Osama Bin Laden Death Photos Still Secret Despite Freedom of Information Act Attempts
When President Barack Obama decided he would not make pictures of a dead Osama Bin Laden public for fear of inciting violence by "spiking the football," a handful of enterprising journalists went the legal route to campaign for their release. By filing Freedom of Information Act requests, publications like the AP and Politico argued that under U.S. press laws some materials from the raid, specifically photos and video, should be handed over in the interest of government transparency. So far, the requests have been unsuccessful, hitting road blocks right away. Now, the Pentagon is predictably opting not to expedite the process, as can be demanded in cases where official information is "urgently needed by an individual primarily engaged in disseminating information in order to inform the public concerning actual or alleged Federal Government activity." There's more in an update from the AP in our daily media column Press Clips. Plus: additional responses to the Times' anti-Twitter rant by Bill Keller and Katie Couric's final guest.
High Hurdles: The AP reported yesterday that they filed an appeal with the Defense Department arguing "that unnecessary bureaucratic delays harm the public interest and allow anonymous U.S. officials to selectively leak details of the May 2 mission that resulted in bin Laden's death."
The AP has asked under the U.S. Freedom of Information Act to review a range of materials, such as contingency plans for bin Laden's capture, reports on the performance of equipment during the mission and copies of DNA tests confirming the al-Qaida leader's identity. The AP also has asked for video and photographs taken from the mission, including photos made of bin Laden after he was killed.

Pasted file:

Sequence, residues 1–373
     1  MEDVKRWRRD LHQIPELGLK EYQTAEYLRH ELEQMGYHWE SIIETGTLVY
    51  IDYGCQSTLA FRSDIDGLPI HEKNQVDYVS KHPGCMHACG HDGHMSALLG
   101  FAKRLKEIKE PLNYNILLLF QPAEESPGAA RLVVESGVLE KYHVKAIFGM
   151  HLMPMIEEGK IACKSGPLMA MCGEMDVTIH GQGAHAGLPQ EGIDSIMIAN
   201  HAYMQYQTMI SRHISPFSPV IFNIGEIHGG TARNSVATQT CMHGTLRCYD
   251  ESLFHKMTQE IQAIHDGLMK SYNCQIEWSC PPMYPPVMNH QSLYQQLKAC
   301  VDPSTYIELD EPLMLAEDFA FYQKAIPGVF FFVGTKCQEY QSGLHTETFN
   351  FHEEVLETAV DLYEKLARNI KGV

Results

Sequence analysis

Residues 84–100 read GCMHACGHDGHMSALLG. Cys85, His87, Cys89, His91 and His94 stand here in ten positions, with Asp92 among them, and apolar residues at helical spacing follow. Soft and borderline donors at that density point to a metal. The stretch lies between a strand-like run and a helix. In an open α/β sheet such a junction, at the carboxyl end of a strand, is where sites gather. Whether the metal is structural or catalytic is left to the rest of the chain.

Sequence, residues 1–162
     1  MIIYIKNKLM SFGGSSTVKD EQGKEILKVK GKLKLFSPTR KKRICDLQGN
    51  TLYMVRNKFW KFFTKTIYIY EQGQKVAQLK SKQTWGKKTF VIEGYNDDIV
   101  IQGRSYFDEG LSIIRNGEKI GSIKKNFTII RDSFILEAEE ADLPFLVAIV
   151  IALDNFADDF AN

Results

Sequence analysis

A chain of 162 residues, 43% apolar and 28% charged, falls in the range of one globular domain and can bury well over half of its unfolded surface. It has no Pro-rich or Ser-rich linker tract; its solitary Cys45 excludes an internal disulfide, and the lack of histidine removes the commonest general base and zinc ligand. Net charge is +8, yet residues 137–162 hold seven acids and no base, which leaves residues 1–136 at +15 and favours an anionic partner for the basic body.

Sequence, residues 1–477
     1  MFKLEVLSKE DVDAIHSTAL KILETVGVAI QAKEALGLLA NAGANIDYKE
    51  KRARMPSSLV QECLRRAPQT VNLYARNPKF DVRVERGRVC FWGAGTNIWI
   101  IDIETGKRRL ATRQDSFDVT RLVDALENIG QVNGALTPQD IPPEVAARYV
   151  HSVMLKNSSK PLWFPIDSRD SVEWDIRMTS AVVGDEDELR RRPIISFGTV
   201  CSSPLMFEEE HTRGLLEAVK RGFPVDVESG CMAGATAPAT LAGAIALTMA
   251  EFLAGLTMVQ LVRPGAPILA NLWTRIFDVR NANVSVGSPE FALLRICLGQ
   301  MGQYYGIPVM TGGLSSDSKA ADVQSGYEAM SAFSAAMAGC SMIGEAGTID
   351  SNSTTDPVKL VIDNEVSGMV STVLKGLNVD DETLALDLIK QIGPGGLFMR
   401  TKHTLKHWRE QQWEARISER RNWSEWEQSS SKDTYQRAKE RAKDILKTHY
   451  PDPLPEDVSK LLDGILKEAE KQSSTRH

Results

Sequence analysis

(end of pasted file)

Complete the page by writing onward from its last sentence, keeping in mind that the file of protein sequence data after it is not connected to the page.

The AP had asked that the Defense Department quickly consider its request under a legal provision known as expedited processing, which dramatically shortens the amount of time the government takes in such cases. Without expedited processing, requests for sensitive materials can be delayed for months and even years. The AP submitted its request to the Pentagon less than one day after bin Laden's death.
The AP highlights "President Barack Obama's pledge to be the most transparent and accountable in American history," though if this case is any indication, that's not exactly coming to fruition. And unfortunately, it's far from the only example.
You're Grounded: Yesterday we were so flabbergasted by the media chatter online that eventually every response to New York Times executive editor Bill Keller's new column -- about the evils of technology and Twitter in particular -- looked like it was typed in Wingdings. (Get it, Bill?)
But with a clear head, a read of Alex Leo's retort at Reuters, entitled "Bill Keller's war on the Internet keeps the Times down," proved to be interesting, especially because it ended on this interesting tidbit relating to the ongoing war between the Times and the Huffington Post that has been bubbling much of the year. Leo writes:
While having brunch with an ex-Times employee in January she said to me "we weren't allowed to read the Huffington Post--they say it's the least reliable source on the Internet." That summed it up for me: We don't like their content model so we're going to ignore what they're doing right. The hermetic nature of the Times just doesn't work for a web company, and in the juxtaposition to the Huffington Post, nothing becomes clearer. If Keller had embraced the nature and demands of the Web five years ago, the Huffington Post may not be as big as it is today.
Now, "weren't allowed" could be hyperbolic language, but it doesn't do anything to dissuade the growing anti-Keller bias online, which paints him as a sour schoolmarm obsessed with protecting his lawn, as it were.
Over and Out: Powerful women of the world, unite and take over! (But maybe not at CBS.) Katie Couric will host host her last edition of CBS Evening News tonight, ending her run as the first woman to host an evening broadcast solo, by fittingly interviewing Hillary Clinton. Tina Brown will presumably be watching.